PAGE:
24. A photomultiplier according to claim 22, further comprising a case made of a nonconductive member, said case accommodating said metal housing and having an opening for transmitting the incident light therethrough, and wherein
at least a part of said protrusion of said lens element is accommodated in a depression defined by said opening of said case and said light receiving surface of said faceplate.
25. A photomultiplier according to claim 13, further comprising an adhesive for filling at least a space between said lens element and said light receiving surface of said faceplate so as to secure said lens element to said light receiving surface.
Description
BACKGROUND OF THE INVENTION

1. Field of the Invention

The present invention relates to a photomultiplier for multiplying photoelectrons emitted in response to incident light which has reached a photocathode and, in particular, to a photomultiplier having a structure for making the area of an effective light entrance region for the incident light become greater than the area of the light receiving surface of the photomultiplier.

2. Related Background Art

Conventionally, as an optical sensor for measuring weak light or the like, so-called head-on type photomultiplier has widely been used. In the head-on type photomultiplier, one end of a cylindrical vacuum container constitutes a faceplate. Though the vacuum container of such a head-on type photomultiplier is made of a glass tube in general, there has recently been developed, as disclosed in Japanese Patent Application Laid-Open No. 6-310084 or the like, a photomultiplier constituted by a cylindrical metal tube and a faceplate (where a photocathode is disposed) disposed at one end thereof and supported by a flange extending toward the tube axis of the metal tube.

SUMMARY OF THE INVENTION

In a photomultiplier comprising a metal housing, a faceplate provided with a photocathode is supported by a flange extending toward the center axis (tube axis) of the metal housing. Accordingly, the photomultiplier with such a configuration has a structural characteristic that the area of the light receiving surface of the faceplate is defined by the opening of the flange.

Since the area of the light receiving surface in the photomultiplier comprising a metal housing is narrowed by the flange as compared with the photomultiplier comprising a glass tube having the same tube diameter, however, the light receiving efficiency for the light to be detected in the former is lower than that in the latter. On the other words, since the area of an effective light entrance region through which the incident light passes corresponds to the area of the light receiving surface of the photomultiplier, the photomultiplier which the flange limits the area of the light receiving surface necessarily has a lower light receiving efficiency than the photomultiplier having a glass tube.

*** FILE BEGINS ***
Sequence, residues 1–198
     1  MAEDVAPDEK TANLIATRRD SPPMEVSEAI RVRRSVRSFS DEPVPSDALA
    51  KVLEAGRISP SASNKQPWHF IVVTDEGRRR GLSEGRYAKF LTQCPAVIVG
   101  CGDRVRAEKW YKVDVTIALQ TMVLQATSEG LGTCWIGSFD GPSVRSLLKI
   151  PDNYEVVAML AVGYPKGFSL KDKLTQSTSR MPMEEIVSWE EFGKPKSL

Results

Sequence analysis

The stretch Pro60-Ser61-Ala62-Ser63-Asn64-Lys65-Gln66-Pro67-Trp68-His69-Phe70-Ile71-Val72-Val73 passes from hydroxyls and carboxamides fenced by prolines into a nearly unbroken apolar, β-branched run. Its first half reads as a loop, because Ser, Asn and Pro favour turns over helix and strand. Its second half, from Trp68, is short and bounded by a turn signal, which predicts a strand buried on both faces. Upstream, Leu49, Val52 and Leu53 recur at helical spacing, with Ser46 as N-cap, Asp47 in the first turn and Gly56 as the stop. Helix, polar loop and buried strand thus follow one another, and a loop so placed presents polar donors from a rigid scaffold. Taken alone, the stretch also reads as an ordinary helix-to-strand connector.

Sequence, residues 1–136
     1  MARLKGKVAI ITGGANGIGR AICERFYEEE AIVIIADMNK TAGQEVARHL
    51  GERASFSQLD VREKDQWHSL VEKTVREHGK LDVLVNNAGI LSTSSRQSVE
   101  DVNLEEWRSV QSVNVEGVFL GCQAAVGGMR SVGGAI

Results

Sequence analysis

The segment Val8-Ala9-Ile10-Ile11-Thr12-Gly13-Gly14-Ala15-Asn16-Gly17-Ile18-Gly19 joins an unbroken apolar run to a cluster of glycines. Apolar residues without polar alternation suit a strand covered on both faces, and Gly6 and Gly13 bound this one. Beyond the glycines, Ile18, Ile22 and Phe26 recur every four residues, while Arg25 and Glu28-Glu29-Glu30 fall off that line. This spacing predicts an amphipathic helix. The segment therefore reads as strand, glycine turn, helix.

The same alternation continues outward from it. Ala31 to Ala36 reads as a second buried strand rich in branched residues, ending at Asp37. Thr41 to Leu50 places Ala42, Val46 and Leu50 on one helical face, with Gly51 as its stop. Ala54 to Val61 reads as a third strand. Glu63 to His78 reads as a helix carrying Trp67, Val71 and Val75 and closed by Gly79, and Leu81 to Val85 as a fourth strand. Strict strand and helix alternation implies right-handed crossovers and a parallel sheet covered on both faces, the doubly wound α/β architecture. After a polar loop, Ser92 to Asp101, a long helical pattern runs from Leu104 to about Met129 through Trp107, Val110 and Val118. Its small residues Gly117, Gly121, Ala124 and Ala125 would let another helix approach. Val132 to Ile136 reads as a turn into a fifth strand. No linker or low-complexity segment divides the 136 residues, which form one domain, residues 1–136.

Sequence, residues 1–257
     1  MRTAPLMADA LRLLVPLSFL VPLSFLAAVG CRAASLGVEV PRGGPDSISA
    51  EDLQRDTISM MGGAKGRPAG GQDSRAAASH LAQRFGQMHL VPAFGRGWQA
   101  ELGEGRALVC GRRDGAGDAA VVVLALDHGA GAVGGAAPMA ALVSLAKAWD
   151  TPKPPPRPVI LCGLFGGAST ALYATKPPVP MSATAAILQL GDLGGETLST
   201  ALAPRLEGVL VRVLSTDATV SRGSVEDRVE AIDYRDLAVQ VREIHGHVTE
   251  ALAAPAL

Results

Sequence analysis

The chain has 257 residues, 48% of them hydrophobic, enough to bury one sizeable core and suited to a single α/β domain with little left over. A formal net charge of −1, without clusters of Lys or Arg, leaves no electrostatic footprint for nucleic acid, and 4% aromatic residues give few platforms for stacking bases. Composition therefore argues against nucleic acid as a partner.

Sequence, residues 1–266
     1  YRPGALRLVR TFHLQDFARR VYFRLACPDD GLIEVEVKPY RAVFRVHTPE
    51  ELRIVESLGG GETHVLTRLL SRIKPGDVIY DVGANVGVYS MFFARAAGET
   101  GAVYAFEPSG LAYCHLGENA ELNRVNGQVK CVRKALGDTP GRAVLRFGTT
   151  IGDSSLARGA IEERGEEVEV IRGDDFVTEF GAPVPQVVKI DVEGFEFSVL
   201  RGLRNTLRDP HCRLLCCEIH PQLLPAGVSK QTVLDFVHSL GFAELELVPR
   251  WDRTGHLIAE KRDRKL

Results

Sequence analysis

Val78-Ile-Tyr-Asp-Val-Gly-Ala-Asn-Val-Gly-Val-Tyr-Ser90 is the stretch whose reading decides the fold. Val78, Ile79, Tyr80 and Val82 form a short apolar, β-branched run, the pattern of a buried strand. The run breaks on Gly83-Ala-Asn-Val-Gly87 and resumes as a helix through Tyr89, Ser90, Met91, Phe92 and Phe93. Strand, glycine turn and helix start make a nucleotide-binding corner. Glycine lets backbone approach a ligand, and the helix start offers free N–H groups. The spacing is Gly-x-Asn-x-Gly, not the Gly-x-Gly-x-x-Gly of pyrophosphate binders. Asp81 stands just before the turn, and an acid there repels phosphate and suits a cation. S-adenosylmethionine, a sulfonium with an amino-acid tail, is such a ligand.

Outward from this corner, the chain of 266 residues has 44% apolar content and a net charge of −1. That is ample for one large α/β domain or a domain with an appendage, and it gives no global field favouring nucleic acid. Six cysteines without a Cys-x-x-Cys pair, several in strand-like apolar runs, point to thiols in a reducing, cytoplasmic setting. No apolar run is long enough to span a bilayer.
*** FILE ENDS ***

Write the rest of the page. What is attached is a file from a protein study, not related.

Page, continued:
In order to overcome the structural characteristic inherent in the photomultiplier comprising a metal housing, it is an object of the present invention to provide a photomultiplier having a structure for making the area of the effective light entrance region for the incident light become greater than the area of the light receiving surface limited by the flange of the metal housing.

In this specification, the effective light entrance region for the incident light refers to a region which is on a plane in parallel with the light receiving surface (the surface of the faceplate on the side on which light is incident) of the photomultiplier and through which, of light advancing along a direction perpendicular to the light receiving surface, a light component which is to reach the light receiving surface passes.

In order to attain the above-mentioned object, the photomultiplier according to the present invention comprises, at least, a photocathode for emitting a photoelectron in response to incident light reaching there; an electron multiplier section for cascade-multiplying the photoelectron emitted from the photocathode; a faceplate having a mounted surface and a light receiving surface opposing the mounted surface, the mounted surface being provided with the photocathode; a metal housing extending along a predetermined center axis (tube axis) and accommodating the photocathode and the electron multiplier section; and a structure for making the area of an effective light entrance region for the incident light become greater than the area of the light receiving surface. The incident light refers to a light component which is to reach the light receiving surface within light advancing along a direction perpendicular to the light receiving surface. The above-mentioned metal housing has a flange extending toward the center axis (tube axis) of the metal housing and supporting the faceplate, whereas the flange has an opening for defining the area of the light receiving surface of the faceplate.

In the present invention, the structure for making the area of the effective light entrance region become greater than the area of the light receiving surface can be realized by a lens element disposed opposite to the electron multiplier section by way of the photocathode. The lens element has a convex surface which projects opposite to the photocathode and a coupling surface which opposes the convex surface and faces the light receiving surface.